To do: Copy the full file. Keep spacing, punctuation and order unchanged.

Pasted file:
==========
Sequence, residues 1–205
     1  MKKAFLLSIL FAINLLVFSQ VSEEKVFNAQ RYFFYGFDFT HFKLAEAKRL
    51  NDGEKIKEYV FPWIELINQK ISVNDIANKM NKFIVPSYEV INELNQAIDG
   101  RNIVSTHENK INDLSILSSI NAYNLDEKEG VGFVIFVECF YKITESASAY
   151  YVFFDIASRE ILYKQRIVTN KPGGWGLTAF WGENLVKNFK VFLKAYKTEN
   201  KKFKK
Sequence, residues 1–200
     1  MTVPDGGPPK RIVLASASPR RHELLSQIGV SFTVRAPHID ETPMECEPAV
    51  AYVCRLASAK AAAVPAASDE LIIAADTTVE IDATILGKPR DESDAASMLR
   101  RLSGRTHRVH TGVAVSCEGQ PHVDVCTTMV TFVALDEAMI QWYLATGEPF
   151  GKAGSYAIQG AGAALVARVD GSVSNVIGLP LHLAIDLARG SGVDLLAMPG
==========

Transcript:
Sequence, residues 1–205
     1  MKKAFLLSIL FAINLLVFSQ VSEEKVFNAQ RYFFYGFDFT HFKLAEAKRL
    51  NDGEKIKEYV FPWIELINQK ISVNDIANKM NKFIVPSYEV INELNQAIDG
   101  RNIVSTHENK INDLSILSSI NAYNLDEKEG VGFVIFVECF YKITESASAY
   151  YVFFDIASRE ILYKQRIVTN KPGGWGLTAF WGENLVKNFK VFLKAYKTEN
   201  KKFKK
Sequence, residues 1–200
     1  MTVPDGGPPK RIVLASASPR RHELLSQIGV SFTVRAPHID ETPMECEPAV
    51  AYVCRLASAK AAAVPAASDE LIIAADTTVE IDATILGKPR DESDAASMLR
   101  RLSGRTHRVH TGVAVSCEGQ PHVDVCTTMV TFVALDEAMI QWYLATGEPF
   151  GKAGSYAIQG AGAALVARVD GSVSNVIGLP LHLAIDLARG SGVDLLAMPG